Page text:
Characters that keep me guessing

Photo by Brett Jordan on Pexels.com

In the age of COVID-19, I’m watching classic movies. For one thing, they’re fun. For another thing, they seem upbeat. On the practical side, I’m chalking it up to research.

This week, I watched Adam’s Rib.Released on Christmas Day, 1949, some of the scenes seem like they could have been written for today.

I forget that the grandmothers and great-grandmothers of today were often career women. I’m guilty of generalizing every woman from that era as a June Cleaver (Leave it to Beaver) or Margaret Anderson (Father Knows Best.) They were mothers. And wives, of course. Not women who held law degrees or performed surgeries or worked in banks or did manual labor.

During WWII, many women took on what was considered “man’s work,” as factories were converted for the war effort. Rosie the Riveter became a symbol of the way women supported the troops. Factory work paid women three times the amount they could get in more traditional jobs.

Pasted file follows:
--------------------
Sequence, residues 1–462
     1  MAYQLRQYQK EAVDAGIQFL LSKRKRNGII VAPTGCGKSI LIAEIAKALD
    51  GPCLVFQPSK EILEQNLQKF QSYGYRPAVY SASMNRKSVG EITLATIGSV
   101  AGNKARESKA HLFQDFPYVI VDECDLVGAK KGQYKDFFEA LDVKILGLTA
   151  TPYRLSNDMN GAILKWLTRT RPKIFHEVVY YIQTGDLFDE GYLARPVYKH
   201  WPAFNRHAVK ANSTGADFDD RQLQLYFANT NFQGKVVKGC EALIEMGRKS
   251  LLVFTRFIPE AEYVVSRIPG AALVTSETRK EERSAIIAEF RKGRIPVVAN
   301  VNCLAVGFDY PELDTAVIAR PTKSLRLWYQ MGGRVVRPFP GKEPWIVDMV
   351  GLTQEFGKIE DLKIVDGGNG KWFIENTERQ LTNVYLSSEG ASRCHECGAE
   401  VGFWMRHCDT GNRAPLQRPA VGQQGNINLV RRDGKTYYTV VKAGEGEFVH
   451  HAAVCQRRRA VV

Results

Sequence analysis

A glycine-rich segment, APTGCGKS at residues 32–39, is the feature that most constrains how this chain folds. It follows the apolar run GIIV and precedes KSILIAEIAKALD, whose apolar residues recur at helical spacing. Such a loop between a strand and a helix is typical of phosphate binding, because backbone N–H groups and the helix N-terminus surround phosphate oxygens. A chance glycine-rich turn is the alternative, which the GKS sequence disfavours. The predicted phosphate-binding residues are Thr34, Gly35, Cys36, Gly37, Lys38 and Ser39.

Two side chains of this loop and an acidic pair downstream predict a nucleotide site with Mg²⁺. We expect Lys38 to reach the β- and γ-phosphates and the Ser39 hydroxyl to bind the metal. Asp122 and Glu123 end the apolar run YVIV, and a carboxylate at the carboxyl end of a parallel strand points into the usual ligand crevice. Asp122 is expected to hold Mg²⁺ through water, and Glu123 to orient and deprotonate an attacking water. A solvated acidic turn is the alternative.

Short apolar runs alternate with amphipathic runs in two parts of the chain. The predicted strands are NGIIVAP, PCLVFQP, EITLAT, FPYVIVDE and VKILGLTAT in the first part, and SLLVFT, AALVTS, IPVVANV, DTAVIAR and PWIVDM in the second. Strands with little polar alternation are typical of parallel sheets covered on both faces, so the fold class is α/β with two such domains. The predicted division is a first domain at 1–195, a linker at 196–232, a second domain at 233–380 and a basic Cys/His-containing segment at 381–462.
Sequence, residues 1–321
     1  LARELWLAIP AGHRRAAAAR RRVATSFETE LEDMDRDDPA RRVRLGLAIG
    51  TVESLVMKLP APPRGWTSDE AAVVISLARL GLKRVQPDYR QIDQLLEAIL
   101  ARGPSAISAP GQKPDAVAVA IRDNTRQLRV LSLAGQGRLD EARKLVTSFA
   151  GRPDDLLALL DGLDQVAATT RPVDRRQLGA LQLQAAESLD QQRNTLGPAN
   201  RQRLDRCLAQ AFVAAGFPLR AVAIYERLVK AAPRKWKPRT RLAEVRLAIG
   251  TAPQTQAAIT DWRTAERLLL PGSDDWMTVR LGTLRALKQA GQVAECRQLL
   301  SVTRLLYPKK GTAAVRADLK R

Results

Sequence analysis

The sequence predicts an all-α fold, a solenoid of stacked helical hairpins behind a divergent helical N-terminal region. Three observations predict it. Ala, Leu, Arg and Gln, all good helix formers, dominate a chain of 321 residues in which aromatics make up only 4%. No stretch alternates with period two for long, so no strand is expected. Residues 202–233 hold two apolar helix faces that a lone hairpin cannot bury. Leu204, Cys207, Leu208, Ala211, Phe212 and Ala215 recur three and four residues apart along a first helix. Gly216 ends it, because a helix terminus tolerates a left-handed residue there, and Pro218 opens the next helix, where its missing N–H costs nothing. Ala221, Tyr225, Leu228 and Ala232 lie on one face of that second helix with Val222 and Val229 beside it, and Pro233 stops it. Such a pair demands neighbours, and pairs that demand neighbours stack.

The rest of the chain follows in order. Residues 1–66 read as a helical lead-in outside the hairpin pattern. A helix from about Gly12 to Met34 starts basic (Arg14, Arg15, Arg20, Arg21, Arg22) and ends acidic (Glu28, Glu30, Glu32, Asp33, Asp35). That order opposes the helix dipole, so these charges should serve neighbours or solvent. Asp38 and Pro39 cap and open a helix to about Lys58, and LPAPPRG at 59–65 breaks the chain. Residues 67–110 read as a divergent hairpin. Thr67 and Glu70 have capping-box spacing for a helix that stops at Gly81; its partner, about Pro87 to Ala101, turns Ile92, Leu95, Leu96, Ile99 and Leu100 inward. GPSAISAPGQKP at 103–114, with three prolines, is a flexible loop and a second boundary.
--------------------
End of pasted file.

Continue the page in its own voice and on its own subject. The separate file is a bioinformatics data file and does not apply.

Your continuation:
Even Marilyn Monroe, the icon of 1950s femininity, worked in a Boeing airplane factory. Of course, that was before she was discovered and became a star.

This got me thinking and wondering. How hard was it to leave their jobs and careers and become homemakers? Was it a tough decision? Were they pressured? Were they angry? The answer for most women was a resounding “Yes!” to all of these questions.

A World War II color poster depicting ‘Rosie the Riveter’ encourages American women to show their strength and go to work for the war effort by J. Howard Miller in circa 1940. (Photo courtesy National Archives/Getty Images)

How did women cope post-WWII? One thing seems clear, after assuming more responsibility, women were no longer content to meet the pre-war definition of womanhood:

Historian Welter (1966) defines [pre-WWII] womanhood and places women on the verge of perfection when she explains that any sensible woman would follow the four pillars of true womanhood (piety, chastity, domesticity, and subservience).

Frontiers in Sociology

Thank you, Women that came before me.

Women returned to what was considered “normal.” Pants and overalls were traded in for skirts and dresses. Women vacated good-paying jobs in favor of giving returning soldiers careers. Still, the empowerment women experienced duringWWII impacted dynamics in the home. Domesticity was forever redefined.

Hmmm…. I wonder how this will impact Lettie and Rita in my Work-in-Progress. Will there be resentment? Will it create conflict between them or between them and their husbands?

Lettie and Rita kept me up last night; whispering in my ear.

They seem conflicted in how they want their story told. I hope I can get them to sit still and tell me what’s on their minds.

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